There’s also a younger generation of entrepreneurs who are sensitive to this approach. We only make custom-made experiences for our customers. For instance, I have a consulting company on innovation as a client. Its boss is very mindful of carbon footprint, he tries to install a system where when he outsources his consultants, he compensates his employees’ carbon footprints by planting trees. For one of their seminars, I organized a hand-gliding activity close to Paris in a Natura 2000 base and then to a chateau that does not use pesticides and even uses only vinegar and soda for cleaning. It was pushing the concept to the extreme for this client who is sensitive to it and wanted to have a sustainable approach.
For Elasterecon, it means that finding partners and providers is not “business as usual”. There’s a lot of research involved. There needs to be an understanding of what is sustainable development is and what corporate social responsibility is and an idea of a company’s environmental impact.
When I visit hotels and asks about their sustainable development policy and I’m told “We don’t change towels and bed sheets every day”, I look at them and tell them it’s the standard nowadays. I’m expecting a more serious involvement such as no more plastic bottles in the bedrooms, no more single-use plastic, no more individual soaps, or if they are disposable, that those used soaps go to a system where they can be recycled and have soap or shampoo dispensers instead.
So yes, it takes time to find partners that share the same values.
I enjoy linking a territory with its gastronomy. It’s something really important, go meet craftsmen and women and try to bring a “Wow effect” by building-up activities after activities.
For instance, Elstarecon is working with a goat and sheep shepherd in Corsica. The shepherd will show them how she tends for her herd and make real Corsican cheese. This was part of a larger project during a seminar.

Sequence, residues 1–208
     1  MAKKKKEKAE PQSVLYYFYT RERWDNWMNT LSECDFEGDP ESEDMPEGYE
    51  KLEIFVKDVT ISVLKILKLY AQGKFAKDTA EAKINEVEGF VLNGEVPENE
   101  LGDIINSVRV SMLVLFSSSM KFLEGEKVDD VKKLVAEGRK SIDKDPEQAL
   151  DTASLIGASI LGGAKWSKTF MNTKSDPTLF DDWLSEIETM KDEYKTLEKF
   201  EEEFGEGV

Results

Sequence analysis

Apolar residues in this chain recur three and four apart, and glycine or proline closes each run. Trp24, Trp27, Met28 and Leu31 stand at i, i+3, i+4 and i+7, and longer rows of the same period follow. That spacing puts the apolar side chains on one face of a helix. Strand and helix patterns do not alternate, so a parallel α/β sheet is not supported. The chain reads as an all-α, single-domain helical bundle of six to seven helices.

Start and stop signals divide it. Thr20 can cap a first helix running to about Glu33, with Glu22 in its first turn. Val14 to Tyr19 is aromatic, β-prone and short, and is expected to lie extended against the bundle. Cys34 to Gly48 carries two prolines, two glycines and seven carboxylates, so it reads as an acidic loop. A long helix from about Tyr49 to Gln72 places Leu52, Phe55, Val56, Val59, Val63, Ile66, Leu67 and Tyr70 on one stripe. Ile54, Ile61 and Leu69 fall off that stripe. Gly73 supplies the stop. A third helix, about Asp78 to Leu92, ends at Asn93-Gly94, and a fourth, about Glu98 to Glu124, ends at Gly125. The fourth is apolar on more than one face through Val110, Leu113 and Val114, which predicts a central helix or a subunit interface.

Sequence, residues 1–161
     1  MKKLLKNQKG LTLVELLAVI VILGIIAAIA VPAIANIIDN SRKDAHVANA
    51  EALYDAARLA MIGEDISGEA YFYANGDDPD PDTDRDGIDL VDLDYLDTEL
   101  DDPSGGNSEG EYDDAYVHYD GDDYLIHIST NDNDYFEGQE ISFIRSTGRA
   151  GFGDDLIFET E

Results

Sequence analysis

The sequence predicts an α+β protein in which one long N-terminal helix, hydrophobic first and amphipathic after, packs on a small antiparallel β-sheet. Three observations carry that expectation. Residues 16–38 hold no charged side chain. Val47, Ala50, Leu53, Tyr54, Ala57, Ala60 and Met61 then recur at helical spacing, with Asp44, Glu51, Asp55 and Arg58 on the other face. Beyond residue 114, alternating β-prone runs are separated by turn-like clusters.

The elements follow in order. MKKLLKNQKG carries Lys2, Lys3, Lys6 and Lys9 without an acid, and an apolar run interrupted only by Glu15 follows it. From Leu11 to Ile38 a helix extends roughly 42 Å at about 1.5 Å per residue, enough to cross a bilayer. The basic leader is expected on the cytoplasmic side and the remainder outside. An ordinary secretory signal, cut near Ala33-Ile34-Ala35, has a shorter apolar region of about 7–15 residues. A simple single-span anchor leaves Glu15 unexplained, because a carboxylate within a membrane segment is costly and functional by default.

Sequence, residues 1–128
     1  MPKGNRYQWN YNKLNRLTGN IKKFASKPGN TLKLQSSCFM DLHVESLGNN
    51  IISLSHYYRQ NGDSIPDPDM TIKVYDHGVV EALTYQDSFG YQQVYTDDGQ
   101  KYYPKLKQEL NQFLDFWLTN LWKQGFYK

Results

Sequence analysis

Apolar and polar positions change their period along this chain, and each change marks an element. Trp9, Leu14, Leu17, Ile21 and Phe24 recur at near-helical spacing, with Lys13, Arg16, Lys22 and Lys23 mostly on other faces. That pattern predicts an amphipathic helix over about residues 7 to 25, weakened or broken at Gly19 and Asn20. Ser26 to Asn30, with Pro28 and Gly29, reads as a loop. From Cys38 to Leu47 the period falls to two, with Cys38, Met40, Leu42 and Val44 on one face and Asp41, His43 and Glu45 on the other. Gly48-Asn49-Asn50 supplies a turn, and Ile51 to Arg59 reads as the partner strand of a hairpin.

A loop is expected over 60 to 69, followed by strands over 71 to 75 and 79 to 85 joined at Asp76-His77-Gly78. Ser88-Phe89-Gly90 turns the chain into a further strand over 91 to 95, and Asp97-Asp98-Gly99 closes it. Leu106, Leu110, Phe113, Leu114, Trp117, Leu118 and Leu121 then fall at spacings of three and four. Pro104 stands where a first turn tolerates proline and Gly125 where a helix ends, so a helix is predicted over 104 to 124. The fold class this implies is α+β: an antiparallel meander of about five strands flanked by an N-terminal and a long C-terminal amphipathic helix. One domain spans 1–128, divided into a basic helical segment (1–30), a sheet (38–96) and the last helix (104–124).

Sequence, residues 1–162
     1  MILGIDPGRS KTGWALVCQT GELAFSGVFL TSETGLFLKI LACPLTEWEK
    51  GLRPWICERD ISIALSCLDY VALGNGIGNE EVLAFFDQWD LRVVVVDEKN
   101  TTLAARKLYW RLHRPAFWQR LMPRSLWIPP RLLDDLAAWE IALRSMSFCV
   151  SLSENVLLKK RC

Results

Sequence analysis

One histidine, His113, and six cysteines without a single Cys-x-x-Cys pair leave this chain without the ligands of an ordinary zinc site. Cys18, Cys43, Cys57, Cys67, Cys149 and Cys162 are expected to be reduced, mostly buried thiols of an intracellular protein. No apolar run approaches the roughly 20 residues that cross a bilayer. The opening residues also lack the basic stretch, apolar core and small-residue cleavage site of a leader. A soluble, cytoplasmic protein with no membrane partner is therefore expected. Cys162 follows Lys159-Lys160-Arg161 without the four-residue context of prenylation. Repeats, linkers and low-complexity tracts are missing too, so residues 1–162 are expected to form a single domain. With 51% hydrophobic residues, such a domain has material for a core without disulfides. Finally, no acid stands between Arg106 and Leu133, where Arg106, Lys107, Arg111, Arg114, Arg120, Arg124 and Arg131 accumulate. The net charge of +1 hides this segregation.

And we’re happy to tell you we will have a Facebook Live virtual visit of the sheepfold on April 23rd.
In Alsace, Elstarecon created an Academy Business Tour to allow students to meet professionals in their industries. It could be a visit to a pretzel factory which is a typical alsatian product, or a tour of a famous alsatian coffee roaster to see how it works.
We have been almost at a standstill for a year. We had to postpone projects or we had to cancel them either because employees didn’t want to travel or the head of the company didn’t want to take any risk, which is understandable. We organized a small seminar in September in Corsica. They went hiking on the GR 20 and enjoy water activities. I enjoy linking a territory with its gastronomy. It’s something really important, go meet craftsmen and women and try to bring a “Wow effect” by building-up activities after activities.
We asked Emilyne how she envisioned the future for Elstarecon. She hopes for a restart in September. For her, the vaccine and the hypothesis of a health passport are not just for us but it’s also a protection for the local population of the places they go to. However, she expects a decline in business travels.
We realized with the tools at our disposal and video conferences that there’s no need to travel to meet someone, only if there is a real need to be there in person, for instance, to sign a contract. The same goes for incentives and seminars. I say to my customers, why do you organize a day event here and a day event there, ‘Why not combine your events over 4-5 days or even 8 days depending on the agenda or what you want to do ?’.
The carbon footprint is smaller in terms of airline tickets. Even if you travel by bus or train 2 or 3 hours away from Paris, it still bears a carbon footprint. I hope that our way of consuming will be different and that we think about it differently.
After long months of remote working and the light at the end of the Covid tunnel, organizations will need to bring back cohesion between co-workers with seminars or team-building activities. So, why not do it differently with Elstarecon?